What Rocksmith has taught me about translation

Rocksmith (fully: Rocksmith 2014 Remastered) is a video game. Someone saw how popular the Guitar Hero video games were and decided to make a similar game that used a real guitar and make it into a tool to teach guitar.

For a very long time now, any time someone asked me what my hobbies were, I would say “translation.” That means I translate all day at my full-time in-house job, then come home and do freelance work, and occasionally – up until last summer – try my hand at translating a chapter from a book or a poem for fun. As you might imagine, it left a fairly one-track life. I read and watch movies, but other than spending as much time with my kids and my wife as I can manage, my life is all translation.

Then comes 2020. I look at the acoustic guitar hanging on my wall, and the electric guitar in the corner and remember the video game I tried out some ten years ago, but didn’t stick to. I also tried to learn guitar once before, back in about 1993 for about 3-4 months. I decided I’d take another try, more serious this time. This was partly inspired by my daughter asking for a ukulele for Christmas and us attaching lessons to it – and I took her to the lessons and she wanted me to stay in the room with her and the teacher. I remembered the times I tried guitar, and my years playing violin from elementary to high school and decided to try the guitar again.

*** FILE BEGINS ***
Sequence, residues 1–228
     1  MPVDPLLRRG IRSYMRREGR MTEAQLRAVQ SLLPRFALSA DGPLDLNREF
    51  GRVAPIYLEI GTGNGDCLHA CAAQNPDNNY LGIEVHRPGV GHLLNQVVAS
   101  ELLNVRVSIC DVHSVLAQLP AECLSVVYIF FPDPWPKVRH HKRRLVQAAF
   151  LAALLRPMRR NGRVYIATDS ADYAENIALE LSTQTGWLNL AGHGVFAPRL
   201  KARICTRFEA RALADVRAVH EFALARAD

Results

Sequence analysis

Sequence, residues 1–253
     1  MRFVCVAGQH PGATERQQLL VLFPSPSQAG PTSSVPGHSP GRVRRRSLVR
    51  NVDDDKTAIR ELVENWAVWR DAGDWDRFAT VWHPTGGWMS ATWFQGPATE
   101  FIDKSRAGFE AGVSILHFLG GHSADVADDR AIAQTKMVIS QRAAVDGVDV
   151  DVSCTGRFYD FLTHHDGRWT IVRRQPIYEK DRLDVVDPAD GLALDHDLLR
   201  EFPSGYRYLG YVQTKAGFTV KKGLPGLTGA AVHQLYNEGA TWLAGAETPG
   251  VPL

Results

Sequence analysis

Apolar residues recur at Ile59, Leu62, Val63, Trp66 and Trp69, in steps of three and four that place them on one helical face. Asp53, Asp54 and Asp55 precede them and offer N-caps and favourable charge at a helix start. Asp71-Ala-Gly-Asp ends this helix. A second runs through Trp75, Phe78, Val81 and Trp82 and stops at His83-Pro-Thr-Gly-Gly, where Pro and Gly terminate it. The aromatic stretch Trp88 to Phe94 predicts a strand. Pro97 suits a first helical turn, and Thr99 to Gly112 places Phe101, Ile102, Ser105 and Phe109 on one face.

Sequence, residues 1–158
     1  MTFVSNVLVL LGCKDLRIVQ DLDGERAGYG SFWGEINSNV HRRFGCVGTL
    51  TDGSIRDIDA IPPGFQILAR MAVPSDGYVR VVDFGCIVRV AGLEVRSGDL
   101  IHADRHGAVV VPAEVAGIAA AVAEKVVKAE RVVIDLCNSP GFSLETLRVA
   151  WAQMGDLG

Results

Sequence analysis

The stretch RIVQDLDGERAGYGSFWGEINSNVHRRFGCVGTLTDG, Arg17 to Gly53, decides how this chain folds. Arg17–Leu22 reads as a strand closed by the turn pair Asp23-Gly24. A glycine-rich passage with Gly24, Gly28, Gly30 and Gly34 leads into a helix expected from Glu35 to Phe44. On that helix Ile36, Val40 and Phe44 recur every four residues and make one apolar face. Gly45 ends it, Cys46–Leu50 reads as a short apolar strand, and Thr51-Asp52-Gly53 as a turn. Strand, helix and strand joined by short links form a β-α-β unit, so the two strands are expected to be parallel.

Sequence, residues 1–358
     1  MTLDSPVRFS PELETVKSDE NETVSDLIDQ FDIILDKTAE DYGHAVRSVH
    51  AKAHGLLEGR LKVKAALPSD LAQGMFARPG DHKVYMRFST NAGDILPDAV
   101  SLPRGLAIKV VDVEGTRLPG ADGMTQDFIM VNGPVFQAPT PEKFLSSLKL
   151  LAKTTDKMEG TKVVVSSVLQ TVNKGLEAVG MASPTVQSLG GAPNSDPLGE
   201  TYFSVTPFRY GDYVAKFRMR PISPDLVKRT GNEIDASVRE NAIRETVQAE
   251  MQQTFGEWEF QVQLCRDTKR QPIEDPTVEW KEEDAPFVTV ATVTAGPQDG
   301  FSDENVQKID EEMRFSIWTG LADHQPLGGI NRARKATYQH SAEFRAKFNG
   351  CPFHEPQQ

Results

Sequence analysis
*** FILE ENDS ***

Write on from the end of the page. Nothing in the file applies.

I still stink, of course, I’m playing a game 4-5 times a week, mostly focused on the lessons and technique stuff to build fundamental skills. And that brings me to the point.

When I play Rocksmith, there are some exercises built into the “Learn a Song” section – scales, finger strength, speed, and so on. When you play these, the song keeps going whether you get it right or not. It gives you grade at the end, but no matter what you do, unless you give up and smack the escape key on the keyboard, the song and the prompts keep coming. (I tried to take a video of this, but the sound didn’t work, maybe I’ll update this article in a day or two if I manage it.)

As a translator, I have a terrible habit of getting stuck. I’ll cruise along in whatever I’m translating, but as soon as I hit a word or phrase that I don’t know, or that seems out of place, I’ll stop. I’ll research. I’ll send emails and text messages, then I’ll go down the Google rabbit hole – and eventually to YouTube or I’ll pick up a book, cook dinner, help a daughter with homework… and next thing I know it’s been an hour or a day or (to my shame) a week.

The thing I’m learning from Rocksmith – apart from how to play the guitar – is that I have to keep going. I’ve heard the advice, and I’ve even tried it several times, of highlighting the problem phrase/sentence and moving on, leaving the research for the first edit pass. Now I’m starting to implement that plan more often than distracting myself after a brief search.

That’ll do, then. Whether you like Nike (Just Do It.) or Dori (just keep swimming), the music goes on and you have to keep playing – it won’t wait for you to catch up.

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